Ex-inmate serves as a role model

During his time as an inmate of HMP Northward, Ransdale Rankin discovered that his life didn’t have to continue on the downward path that led him to prison.

He became involved with the prison’s workshop programme, and found that his success could be translated into a means for a crime-free life on the outside.

‘I began my criminal lifestyle at a fairly young age and ended up in Northward by 1986,’ said Mr. Rankin. ‘I never gave myself a chance to do right and ended up making terrible choices.

‘But now I able to do something with my life, something positive and legal – and actually help young men that are in the same situation I was.’

Released on parole in 2004, his work in the prison workshop and dedication to rehabilitation demonstrated that he was prepared to be a role model and rejoin society, said a release from GIS.

Prison Director Dwight Scott felt confident that what he saw in this gentleman would make him an ideal leader of the workshop and so hired him as Lead Carpenter and Workshop Manager in June of that year.

Since that time, he has seen many young men come and go but, as he explained, he hopes they aren’t the same as when they entered the prison system.

‘I really try hard to work with these guys,’ he said in the release. ‘I know that just like me, they didn’t want to be locked up and forgotten about. When they get to this stage of their lives, it’s obvious they need to be reminded that they, too, can be part of this society and make a difference.

‘With this programme, they use their minds and their bodies to create something that people respect and appreciate,’ Mr. Rankin added. ‘They see this shop as a place to learn and grow, while making a change from being a negative person to a positive and hopeful one.’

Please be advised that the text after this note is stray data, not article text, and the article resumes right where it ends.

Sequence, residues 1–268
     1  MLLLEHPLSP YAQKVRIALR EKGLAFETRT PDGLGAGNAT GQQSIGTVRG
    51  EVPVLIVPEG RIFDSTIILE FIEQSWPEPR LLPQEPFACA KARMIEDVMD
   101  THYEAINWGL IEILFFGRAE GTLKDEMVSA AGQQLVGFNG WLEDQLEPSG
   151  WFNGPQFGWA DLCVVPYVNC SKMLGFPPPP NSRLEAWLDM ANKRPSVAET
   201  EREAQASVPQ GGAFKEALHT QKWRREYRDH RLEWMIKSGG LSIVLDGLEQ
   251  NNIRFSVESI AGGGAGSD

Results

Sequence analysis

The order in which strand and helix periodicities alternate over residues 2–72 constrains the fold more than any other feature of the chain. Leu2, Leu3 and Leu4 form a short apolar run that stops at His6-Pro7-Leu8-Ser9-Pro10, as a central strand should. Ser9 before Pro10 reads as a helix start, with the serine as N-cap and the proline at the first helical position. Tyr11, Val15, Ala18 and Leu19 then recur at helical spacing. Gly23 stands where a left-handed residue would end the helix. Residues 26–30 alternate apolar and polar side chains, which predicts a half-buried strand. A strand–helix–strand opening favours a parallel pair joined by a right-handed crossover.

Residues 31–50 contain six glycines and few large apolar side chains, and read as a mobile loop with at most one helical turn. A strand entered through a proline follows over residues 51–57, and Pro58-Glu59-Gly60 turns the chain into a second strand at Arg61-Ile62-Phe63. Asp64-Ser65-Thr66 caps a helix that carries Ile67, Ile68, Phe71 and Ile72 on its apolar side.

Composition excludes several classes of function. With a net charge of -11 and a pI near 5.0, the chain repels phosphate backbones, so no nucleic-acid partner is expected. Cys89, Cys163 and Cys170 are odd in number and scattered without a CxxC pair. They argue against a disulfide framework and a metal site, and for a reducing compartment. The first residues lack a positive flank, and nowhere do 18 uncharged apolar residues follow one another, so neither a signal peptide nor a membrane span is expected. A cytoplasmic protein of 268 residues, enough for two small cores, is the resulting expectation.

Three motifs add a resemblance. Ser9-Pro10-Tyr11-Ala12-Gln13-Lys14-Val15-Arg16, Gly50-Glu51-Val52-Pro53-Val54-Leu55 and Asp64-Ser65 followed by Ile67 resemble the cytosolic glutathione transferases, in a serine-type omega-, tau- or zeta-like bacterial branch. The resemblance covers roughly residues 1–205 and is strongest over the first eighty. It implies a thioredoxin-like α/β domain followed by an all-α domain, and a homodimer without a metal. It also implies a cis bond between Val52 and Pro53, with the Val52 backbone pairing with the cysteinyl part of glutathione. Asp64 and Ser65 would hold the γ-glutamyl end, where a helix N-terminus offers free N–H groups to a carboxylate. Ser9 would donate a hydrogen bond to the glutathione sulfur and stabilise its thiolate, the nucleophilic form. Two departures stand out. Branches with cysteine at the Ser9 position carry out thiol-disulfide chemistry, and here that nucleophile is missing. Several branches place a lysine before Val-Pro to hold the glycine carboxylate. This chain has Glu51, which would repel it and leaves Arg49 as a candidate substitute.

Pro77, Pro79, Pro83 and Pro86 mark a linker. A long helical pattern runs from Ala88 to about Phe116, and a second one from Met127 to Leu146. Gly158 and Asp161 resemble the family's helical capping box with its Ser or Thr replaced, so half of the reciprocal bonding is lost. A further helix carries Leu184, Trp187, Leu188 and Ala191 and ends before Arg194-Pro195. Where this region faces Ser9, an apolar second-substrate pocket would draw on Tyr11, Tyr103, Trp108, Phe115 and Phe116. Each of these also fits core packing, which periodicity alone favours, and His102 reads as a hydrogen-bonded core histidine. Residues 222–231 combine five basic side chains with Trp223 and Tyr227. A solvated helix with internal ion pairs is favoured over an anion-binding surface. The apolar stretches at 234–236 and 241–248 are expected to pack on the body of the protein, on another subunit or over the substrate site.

One of the first projects that Mr. Rankin led prisoners on since taking on this leadership role was renovating the Prison Training Centre’s living quarters. This included a complete remodelling of the buildings and interior.

Using one inmate’s architectural talents and skills nurtured through the workshop programme, a small group of prisoners were able to do everything in house. The new design called for enclosing a porch to increase living space; retiling; painting and electrical work.

‘When you see the quality of work Mr. Rankin is able to elicit from the inmates, it is quite impressive,’ said Mr. Scott. ‘Every aspect of his work demonstrates his commitment to providing quality.’

One of Mr. Rankin’s more lucrative orders for the workshop was The Ritz-Carlton’s request for portable barbeque/food preparation bars. The five-star hotel’s managers were so impressed with the quality that they have placed another work order, and discussed other projects as well.

From cabinets and tiling to installation of equipment, Mr. Rankin is leading the inmates towards a skill set that can help them when they return to life on the outside, Mr. Scott emphasised.

‘He has made an invaluable contribution by giving these young people a means at reintegrating into society following a prison sentence. He is an example that I hope future inmates will follow.’

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